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This is the holy grail of Ultima-collecting, and for many, of all computer game collecting. This is the very first edition of Akalabeth (also referred to as Ultima 0) self-published by Richard Garriott himself while working at a Computerland store in Texas. As the legends go, he sold about a dozen copies before his boss sent off a copy to the publishing house California Pacific, who subsequently nabbed it. As a result, only a few copies of this edition were ever sold, and all known copies floating around can be traced back to 'gifts' from Richard from his stock of leftover parts which would have been used had he sold more copies.

The copies that were sold were all individually numbered on a little green sticker on the disk, and none of these are in the hands of collectors or museums today. Sadly this copy came without the disk and its origins are a little hazy. It was purchased at auction from Ultima novel author Lynn Abbey. She recounts how she obtained it:

I met Richard when we were both guests-of-honor (along with several others) at the first Dragon Con back in 1987, but I was already familiar with his name. My then-husband, Bob Asprin, and I were avid Apple ][ gamers (Bob had a ][c and I had a ][e) and had been playing the Ultima games since 1982 - that is, we started with Ultima 2 and were playing (and replaying) Ultima IV when Richard and I met for the first time. After meeting Richard, I went on a personal quest for Richard's earlier games. I knew about the First Age of Darkness and had little difficulty finding it, but Richard had mentioned that his first game had been Akalabeth. He did not give me a copy of it; as a matter of fact, he pretty much left me with the sense that it was extinct. I've written a couple books which have gone extinct - which means that I do have a few copies of them, but they're irreplaceable and you'd have to be my boon companion before I'd give one to you, and after one meeting, we were neither of us the other's boon companion. Although we had become quite good friends, having spent hours and hours in intense conversation about game design and the space program - which surprised people who knew us as individuals because neither Richard nor I were out-going or quick to warm to strangers. We just hit it off.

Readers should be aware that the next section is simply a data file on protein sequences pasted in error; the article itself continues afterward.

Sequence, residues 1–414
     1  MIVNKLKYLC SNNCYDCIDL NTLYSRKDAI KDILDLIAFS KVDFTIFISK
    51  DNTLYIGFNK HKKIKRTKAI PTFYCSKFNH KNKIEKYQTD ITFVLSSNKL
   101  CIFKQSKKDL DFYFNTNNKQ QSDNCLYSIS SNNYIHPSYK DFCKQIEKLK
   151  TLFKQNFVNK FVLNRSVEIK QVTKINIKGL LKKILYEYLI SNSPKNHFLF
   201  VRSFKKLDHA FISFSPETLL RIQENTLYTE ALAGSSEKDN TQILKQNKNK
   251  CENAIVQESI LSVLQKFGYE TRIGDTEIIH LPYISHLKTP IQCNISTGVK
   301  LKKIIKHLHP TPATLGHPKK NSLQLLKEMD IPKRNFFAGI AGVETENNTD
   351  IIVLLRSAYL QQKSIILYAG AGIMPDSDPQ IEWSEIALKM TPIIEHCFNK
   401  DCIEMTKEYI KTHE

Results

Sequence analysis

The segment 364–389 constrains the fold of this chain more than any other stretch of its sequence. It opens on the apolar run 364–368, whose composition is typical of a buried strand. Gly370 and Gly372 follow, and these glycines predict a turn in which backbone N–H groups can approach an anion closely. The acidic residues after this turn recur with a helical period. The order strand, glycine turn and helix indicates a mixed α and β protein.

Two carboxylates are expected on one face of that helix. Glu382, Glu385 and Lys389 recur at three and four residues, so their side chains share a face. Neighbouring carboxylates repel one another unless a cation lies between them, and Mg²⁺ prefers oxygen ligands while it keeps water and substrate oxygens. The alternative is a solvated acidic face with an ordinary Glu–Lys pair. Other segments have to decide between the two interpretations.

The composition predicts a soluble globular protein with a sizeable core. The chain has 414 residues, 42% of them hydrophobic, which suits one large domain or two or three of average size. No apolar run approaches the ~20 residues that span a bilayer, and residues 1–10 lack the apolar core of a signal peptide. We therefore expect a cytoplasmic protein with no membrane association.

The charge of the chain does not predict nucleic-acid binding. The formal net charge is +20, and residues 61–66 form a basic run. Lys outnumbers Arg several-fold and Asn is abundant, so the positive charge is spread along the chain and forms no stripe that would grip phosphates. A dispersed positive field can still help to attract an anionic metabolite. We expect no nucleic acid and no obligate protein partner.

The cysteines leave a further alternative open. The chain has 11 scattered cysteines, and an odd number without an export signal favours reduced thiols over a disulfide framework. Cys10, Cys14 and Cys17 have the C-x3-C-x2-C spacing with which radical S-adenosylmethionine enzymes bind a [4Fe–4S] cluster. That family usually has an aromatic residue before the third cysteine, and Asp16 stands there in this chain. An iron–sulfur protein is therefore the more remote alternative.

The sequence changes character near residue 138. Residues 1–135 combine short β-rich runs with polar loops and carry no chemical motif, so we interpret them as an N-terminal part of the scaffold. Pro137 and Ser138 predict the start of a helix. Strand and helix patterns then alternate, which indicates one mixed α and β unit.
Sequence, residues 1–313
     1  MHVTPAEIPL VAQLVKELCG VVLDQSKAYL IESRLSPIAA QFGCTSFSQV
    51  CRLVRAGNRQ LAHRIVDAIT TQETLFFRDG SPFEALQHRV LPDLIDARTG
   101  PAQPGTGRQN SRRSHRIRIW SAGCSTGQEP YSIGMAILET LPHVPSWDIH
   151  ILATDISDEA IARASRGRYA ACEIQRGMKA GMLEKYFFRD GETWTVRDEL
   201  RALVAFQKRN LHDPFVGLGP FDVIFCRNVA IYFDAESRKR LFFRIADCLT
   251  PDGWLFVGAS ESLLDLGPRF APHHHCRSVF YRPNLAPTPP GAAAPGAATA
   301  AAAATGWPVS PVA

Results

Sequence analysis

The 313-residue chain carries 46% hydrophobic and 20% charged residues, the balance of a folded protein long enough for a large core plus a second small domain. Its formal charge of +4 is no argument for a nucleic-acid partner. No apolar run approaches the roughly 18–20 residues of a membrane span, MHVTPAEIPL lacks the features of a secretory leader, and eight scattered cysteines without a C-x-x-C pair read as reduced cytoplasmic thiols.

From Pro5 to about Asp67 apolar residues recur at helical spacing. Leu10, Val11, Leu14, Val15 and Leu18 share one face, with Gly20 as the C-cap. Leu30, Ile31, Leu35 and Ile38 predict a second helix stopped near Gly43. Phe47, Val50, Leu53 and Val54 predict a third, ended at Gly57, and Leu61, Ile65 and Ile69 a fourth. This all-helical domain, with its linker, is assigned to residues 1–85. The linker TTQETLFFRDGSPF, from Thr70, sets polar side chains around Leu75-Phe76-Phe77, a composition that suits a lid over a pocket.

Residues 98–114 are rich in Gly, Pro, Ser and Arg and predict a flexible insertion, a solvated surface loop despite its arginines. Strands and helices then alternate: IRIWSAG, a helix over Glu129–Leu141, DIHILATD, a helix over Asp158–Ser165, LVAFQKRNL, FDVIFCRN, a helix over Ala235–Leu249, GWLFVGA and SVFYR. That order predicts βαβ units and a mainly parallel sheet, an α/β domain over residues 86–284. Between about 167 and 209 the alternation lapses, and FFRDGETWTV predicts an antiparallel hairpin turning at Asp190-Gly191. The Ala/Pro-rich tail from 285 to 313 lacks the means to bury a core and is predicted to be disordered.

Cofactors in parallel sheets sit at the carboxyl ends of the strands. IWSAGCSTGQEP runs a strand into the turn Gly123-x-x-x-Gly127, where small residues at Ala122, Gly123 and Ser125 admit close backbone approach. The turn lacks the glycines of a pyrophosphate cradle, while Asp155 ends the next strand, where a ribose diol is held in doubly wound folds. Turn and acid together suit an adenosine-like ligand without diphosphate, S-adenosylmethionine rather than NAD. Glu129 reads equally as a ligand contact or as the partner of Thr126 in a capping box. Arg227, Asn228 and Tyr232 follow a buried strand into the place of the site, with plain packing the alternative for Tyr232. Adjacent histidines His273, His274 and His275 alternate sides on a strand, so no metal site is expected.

Anyway, back in Ann Arbor, where I was living at the time, I went on a quest for Akalabeth because I was determined to have a copy of it by the next DragonCon. In those years I was a regular customer of the Ann Arbor Complete Computer Center (A2 C3) and it was through my contacts there that I eventually tracked down a copy of Akalabeth in the possession of someone who had no idea what it was and sold it to me for peanuts. If memory serves accurately, it was in a bankers-type box along with dozens of other obsolete, primitive Apple ][ games - it was around the time of the Apple ][ series swan song, maybe 1989... I do recall that when I told Richard that I had managed to acquire a copy of my own, he was more than a little astonished. I think he believed that he knew personally the location of every surviving copy of the game.

And perhaps he does. As a note to any would-be counterfeiters, although the images here are of higher resolution and better quality than you will find anywhere else, they have been 'doctored' ever so slightly in such a way that will make any forgery created with them easily detectable. You have been warned.

Special thanks to Lord British himself for generously providing an original disk label and game disk. Although the disk was created in 2011, it was done on the same machine and using the same procedures as the original copies, and the disk label also comes from the original stock. Additionally, there is a copy of the game disk with one of the original green stickers, which were individually numbered when sold. Note the final two pictures are simply digital recreations of what the disks would look like with the sticker on it - the sticker has not actually been applied to the disks.

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